If the navy wants to remain relevant and up-to-date in these times of rapid technological developments, cooperation is necessary and inevitable. At a national level, Dutch Naval Design was established this year and at a European level Damen Shipyards was put in charge of a consortium in which all European naval yards are represented. Furthermore, a Dutch-German consortium was chosen for the German frigate project MKS 180.
On March 11 of this year, the new partnership Dutch Naval Design was established as a successor to the somewhat stagnating Knowledge Covenant between the Ministry of Defense and the Dutch naval cluster. The letter of intent was signed by the Defense Materiel Organisation (DMO), TNO, NLR, TU Delft, MARIN and the Netherlands Institute for Defense and Security (NIDV) as a representative of the industry.
The mission statement has been formulated as follows: ‘To achieve a decisive operational effect, by intensifying research, design and production within the Golden Ecosystem (formerly Triangle) of the Dutch naval cluster, now and in the future.’
Synergy of capacities in research institutes, industry and defence organisations is required in order to be in step with the current rapid technological developments and to apply them in the domain of the Navy. The Multi-Year Mission-driven Innovation Programme (MMIP) of Defence will serve as a guideline. The topics contained herein have been used by TNO to formulate the following Roadmaps specifically for the platform:
- Manning & automation
- Model based systems engineering
- Power & propulsion
- Predictive maintenance
- Digital twinning
These roadmaps are being developed by working groups, which will define tasks and activities.
The European Commission has selected the SEA Defence project, with Damen Shipyards Group as coordinator, within the European Defence Industrial Development Programme (EDIDP 2019). The EDIDP, which paves the way for the European Defence Fund, focuses on the promotion of a strong and innovative defence industry as well as on raising the EU’s autonomy and technological leadership in defence.
Sea Defence’s proposal will now enter the next phase towards award of the project, which is likely to be effective later this year. Unique in this project is that the leading European naval yards, brought together within SEA Naval, a working group of SEA Europe association, have joined efforts to identify future technological challenges and opportunities in the research and capability domains for the next generation naval platforms.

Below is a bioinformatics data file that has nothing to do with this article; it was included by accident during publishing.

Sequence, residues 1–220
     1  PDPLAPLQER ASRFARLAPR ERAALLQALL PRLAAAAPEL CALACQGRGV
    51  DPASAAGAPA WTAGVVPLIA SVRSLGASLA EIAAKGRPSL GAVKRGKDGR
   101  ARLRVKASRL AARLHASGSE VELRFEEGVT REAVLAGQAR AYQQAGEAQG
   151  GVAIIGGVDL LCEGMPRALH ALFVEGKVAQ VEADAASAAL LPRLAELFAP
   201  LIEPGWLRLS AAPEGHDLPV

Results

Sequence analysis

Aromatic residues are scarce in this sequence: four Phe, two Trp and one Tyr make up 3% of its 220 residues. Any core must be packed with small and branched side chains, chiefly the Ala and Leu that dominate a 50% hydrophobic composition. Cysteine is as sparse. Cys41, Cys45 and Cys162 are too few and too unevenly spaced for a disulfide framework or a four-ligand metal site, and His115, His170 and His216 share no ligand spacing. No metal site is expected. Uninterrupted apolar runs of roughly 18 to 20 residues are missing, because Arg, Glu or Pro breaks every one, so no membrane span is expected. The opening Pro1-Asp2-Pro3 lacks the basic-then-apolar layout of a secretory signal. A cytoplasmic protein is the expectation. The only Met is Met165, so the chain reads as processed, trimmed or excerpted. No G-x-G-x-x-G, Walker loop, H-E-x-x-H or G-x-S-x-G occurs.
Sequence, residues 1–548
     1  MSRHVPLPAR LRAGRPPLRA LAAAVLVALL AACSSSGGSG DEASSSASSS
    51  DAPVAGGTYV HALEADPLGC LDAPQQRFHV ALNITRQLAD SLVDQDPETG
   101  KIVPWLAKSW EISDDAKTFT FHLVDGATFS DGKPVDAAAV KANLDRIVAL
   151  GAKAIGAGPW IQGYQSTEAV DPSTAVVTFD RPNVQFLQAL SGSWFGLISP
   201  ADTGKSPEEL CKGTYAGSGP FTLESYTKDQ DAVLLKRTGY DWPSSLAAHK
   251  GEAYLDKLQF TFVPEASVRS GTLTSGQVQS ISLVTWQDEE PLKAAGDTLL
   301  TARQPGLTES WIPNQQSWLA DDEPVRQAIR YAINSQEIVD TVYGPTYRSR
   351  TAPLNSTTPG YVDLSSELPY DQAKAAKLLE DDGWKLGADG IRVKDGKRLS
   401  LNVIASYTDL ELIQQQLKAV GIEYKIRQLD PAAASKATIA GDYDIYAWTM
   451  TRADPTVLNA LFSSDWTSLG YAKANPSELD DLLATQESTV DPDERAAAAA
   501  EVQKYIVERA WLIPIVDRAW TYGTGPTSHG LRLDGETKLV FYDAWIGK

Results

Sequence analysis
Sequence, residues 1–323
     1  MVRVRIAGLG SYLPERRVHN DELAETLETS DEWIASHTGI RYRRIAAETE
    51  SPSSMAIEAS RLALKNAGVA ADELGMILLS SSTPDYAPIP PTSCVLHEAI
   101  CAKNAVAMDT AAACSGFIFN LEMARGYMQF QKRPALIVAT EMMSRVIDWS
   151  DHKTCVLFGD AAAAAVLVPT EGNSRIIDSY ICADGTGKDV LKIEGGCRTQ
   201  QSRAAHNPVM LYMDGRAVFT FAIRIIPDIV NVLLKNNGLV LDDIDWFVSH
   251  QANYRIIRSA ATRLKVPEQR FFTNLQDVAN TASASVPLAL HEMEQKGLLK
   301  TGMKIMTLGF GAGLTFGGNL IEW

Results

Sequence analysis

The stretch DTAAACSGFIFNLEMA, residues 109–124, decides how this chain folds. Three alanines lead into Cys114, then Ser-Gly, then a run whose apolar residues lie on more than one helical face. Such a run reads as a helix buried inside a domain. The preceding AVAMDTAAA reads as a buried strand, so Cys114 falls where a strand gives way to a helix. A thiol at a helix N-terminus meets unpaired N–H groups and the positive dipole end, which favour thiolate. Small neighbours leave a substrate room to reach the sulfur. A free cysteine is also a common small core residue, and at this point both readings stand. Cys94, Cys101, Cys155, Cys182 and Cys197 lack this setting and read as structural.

SEA Defence is supported by participating EU member states and led by the Dutch Ministry of Defence. The research initiatives and capabilities derived thereof are to effectively result in strengthening European naval forces against potential future threats.
The consortium consists of the following partners:
- Damen Shipyards Group, Netherlands
- Fincantieri S.P.A., Italy
- Naval Group SA, France
- Navantia S.A., S.M.E., Spain
- Saab Kockums AB, Sweden
- SEA Europe, Belgium
- Thyssenkrupp Marine Systems, Germany
- Odense Maritime Technology, Denmark
- Lürssen Defence, Germany
- TNO, Netherlands
- MARIN, Netherlands
- CTN, Spain
The SEA Defence project will conduct a feasibility study in order to prepare a roadmap of technologies to be included in the next generation of naval platforms and pursued in further European development programmes. The study will address the following issues: lower detectability, higher survivability against modern surface and subsurface threats including against high-speed and swarming threats, reduction of ship motions, improved electric power generation and storage, capability to operate in extreme climates, topside and increased autonomy and automation.
For each area, the project will map the state-of-the-art technologies, and will assess the impact of ship integration on capabilities, budget and interfaces. It will also provide recommendations in order that the European naval shipbuilding sector can realise innovations ready for the next generation of naval platforms, from their design or during their lifecycle.
And last but not least, in June a contract was signed for the construction of four Mehrzweck Kampf Schiff (MKS 180) by a Dutch-German consortium: Damen Shipyard Group, Blohm & Voss and Lürssen. Damen is the main contractor and Thales Netherlands an important subcontractor. Hopefully, this will initiate further consolidation of the (North) European naval industry and reinforce naval cooperation between the German and Dutch defence organisations.
This article was written by SWZ|Maritime’s editor and naval expert Jaap Huisman, firstname.lastname@example.org.
Picture: Render of the MKS 180 (by Damen Shipyards).